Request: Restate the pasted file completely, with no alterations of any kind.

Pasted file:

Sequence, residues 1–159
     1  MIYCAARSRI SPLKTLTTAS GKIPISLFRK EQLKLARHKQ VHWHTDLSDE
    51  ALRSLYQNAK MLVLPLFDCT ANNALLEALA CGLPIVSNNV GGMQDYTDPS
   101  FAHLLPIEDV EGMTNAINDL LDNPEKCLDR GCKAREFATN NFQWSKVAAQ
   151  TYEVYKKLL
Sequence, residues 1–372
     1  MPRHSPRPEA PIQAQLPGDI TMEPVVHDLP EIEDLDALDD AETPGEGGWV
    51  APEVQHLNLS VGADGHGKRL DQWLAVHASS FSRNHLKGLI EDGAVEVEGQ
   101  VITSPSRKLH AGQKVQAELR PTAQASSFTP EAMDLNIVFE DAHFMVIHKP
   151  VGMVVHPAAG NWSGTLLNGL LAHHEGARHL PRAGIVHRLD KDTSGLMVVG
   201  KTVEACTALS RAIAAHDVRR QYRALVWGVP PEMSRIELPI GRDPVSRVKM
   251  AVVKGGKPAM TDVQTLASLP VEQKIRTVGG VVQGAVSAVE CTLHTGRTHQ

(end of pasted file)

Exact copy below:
Sequence, residues 1–159
     1  MIYCAARSRI SPLKTLTTAS GKIPISLFRK EQLKLARHKQ VHWHTDLSDE
    51  ALRSLYQNAK MLVLPLFDCT ANNALLEALA CGLPIVSNNV GGMQDYTDPS
   101  FAHLLPIEDV EGMTNAINDL LDNPEKCLDR GCKAREFATN NFQWSKVAAQ
   151  TYEVYKKLL
Sequence, residues 1–372
     1  MPRHSPRPEA PIQAQLPGDI TMEPVVHDLP EIEDLDALDD AETPGEGGWV
    51  APEVQHLNLS VGADGHGKRL DQWLAVHASS FSRNHLKGLI EDGAVEVEGQ
   101  VITSPSRKLH AGQKVQAELR PTAQASSFTP EAMDLNIVFE DAHFMVIHKP
   151  VGMVVHPAAG NWSGTLLNGL LAHHEGARHL PRAGIVHRLD KDTSGLMVVG
   201  KTVEACTALS RAIAAHDVRR QYRALVWGVP PEMSRIELPI GRDPVSRVKM
   251  AVVKGGKPAM TDVQTLASLP VEQKIRTVGG VVQGAVSAVE CTLHTGRTHQ